Primary outcome

Mean weight change at 12 months was −10.7 (SD 9.6) kg in the TDR group and −3.1 (7.0) kg in the usual care group (fig 2). The adjusted difference in mean weight change between the TDR and control groups was −7.2 kg (95% confidence interval −9.4 to −4.9 kg; P<0.001).

Fig 2
Fig 2

Weight change over 12 months in intention to treat population. Values represent mean (standard error of the mean)

Sensitivity analyses on loss to follow-up did not change the conclusion that the TDR programme led to greater weight change than usual care (see supplementary table S2). In the pattern mixture modelling (see supplementary fig S1), even assuming extreme bias in loss to follow-up in the TDR group or usual care group, there was a treatment difference of more than 5 kg in favour of TDR. Furthermore, there was no evidence that the intervention effect on weight differed by sex (P=0.22), age group (P=0.85), socioeconomic status (P=0.65), BMI (P=0.09), diabetes status (P=0.42), or practice (P=0.22) (see supplementary fig S2).

Secondary outcomes

The TDR group had greater weight change at all time points before 12 months. At three months, the adjusted difference between groups was −9.6 kg (95% confidence interval −11.0 to −8.2 kg; P<0.001) and at six months was −9.6 kg (−11.6 to −7.7 kg; P<0.001).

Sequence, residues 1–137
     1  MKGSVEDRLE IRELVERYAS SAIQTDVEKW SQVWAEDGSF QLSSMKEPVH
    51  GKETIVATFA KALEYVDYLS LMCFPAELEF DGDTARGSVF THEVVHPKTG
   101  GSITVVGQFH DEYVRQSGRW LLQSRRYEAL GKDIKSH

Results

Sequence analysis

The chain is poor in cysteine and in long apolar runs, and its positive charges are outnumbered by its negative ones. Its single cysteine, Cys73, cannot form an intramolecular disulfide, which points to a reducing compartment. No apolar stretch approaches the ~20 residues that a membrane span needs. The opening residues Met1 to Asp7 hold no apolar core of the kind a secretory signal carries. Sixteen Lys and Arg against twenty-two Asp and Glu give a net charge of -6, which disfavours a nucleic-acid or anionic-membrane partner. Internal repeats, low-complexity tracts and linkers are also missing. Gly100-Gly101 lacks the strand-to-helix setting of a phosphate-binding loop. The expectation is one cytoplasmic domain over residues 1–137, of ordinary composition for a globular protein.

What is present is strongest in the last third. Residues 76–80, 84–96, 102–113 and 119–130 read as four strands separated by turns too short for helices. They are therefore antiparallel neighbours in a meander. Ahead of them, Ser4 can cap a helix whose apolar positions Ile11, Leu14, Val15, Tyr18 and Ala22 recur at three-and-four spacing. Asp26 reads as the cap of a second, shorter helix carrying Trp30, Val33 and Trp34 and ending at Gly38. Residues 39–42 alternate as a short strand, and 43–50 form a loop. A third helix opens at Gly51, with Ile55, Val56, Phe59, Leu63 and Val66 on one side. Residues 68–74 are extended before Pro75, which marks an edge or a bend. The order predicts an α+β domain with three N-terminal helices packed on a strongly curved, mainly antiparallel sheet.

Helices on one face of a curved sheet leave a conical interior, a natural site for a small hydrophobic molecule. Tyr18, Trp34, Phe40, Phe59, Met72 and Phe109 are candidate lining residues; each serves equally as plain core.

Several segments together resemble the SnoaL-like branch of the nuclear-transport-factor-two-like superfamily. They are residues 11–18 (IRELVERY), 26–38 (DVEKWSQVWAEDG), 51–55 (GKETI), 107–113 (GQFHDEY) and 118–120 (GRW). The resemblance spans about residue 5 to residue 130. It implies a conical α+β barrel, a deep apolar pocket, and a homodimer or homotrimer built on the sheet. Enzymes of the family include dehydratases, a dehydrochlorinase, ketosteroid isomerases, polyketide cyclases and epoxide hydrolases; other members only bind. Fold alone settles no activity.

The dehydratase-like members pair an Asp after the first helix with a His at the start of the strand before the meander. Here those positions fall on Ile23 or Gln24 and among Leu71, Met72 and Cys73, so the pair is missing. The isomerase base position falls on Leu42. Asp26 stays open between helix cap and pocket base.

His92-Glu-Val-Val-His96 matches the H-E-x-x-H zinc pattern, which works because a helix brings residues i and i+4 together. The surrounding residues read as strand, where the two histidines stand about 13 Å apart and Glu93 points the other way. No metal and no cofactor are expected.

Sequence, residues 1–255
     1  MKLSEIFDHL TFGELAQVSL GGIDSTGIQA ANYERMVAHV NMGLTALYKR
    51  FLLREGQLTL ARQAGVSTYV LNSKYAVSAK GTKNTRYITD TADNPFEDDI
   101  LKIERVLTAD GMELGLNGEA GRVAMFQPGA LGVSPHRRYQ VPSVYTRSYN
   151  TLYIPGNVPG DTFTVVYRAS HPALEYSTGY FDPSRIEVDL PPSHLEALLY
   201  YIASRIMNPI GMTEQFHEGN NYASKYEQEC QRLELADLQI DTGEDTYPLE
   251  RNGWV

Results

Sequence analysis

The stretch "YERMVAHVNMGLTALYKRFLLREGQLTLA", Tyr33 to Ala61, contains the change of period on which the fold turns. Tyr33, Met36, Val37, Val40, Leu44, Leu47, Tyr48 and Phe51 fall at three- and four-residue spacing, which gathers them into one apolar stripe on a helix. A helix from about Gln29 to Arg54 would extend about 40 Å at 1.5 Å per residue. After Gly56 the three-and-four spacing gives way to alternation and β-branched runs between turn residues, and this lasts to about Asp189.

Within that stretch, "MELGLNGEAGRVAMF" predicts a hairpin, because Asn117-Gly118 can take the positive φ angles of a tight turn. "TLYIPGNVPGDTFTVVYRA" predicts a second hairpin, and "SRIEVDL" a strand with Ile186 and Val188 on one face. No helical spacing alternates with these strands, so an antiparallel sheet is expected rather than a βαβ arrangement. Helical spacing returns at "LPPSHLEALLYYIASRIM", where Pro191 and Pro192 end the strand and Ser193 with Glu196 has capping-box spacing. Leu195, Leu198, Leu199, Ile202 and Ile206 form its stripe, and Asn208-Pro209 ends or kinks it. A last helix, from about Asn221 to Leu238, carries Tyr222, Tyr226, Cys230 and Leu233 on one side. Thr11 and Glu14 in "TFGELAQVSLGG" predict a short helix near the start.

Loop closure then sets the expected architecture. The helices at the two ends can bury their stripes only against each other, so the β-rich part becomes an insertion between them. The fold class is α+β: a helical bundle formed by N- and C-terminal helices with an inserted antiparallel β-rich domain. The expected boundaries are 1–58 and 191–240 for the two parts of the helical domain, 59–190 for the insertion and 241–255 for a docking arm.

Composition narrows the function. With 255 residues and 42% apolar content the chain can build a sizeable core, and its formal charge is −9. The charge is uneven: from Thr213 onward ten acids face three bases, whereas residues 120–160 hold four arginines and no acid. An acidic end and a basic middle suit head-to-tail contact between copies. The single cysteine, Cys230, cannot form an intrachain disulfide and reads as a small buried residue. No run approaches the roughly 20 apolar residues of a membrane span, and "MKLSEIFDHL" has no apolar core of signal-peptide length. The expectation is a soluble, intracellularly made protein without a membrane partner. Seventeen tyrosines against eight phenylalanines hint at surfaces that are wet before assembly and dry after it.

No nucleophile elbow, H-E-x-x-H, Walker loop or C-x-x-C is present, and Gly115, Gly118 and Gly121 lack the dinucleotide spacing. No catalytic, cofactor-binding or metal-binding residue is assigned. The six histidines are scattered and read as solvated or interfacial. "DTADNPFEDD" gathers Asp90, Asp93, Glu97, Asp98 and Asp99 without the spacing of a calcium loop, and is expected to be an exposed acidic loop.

Prespecified secondary outcomes included change in fat mass (measured at same time as body weight), which showed similar, albeit slightly smaller, differences in favour of the TDR group. Of those participants followed up at 12 months, 73% in the TDR group (n=104) and 32% in the usual care group (n=95) had lost 5% or more of their baseline body weight (adjusted odds ratio 6.5, 95% confidence interval 3.4 to 12.2; P<0. 001), and 45% and 15%, respectively, had lost 10% or more of their baseline body weight (4.9, 2.4 to 9.9; P<0.001) (see supplementary fig S2). The number needed to treat to observe these benefits was 2.4 (95% confidence interval 1.8 to 3.5) and 3.3 (2.4 to 5.4) for 5% or more and 10% or more body weight loss, respectively. In an addition to the protocol and in response to peer review, we report that 22% of participants in the TDR group and 4% in the usual care group lost 15% or more of their body weight at 12 month follow-up.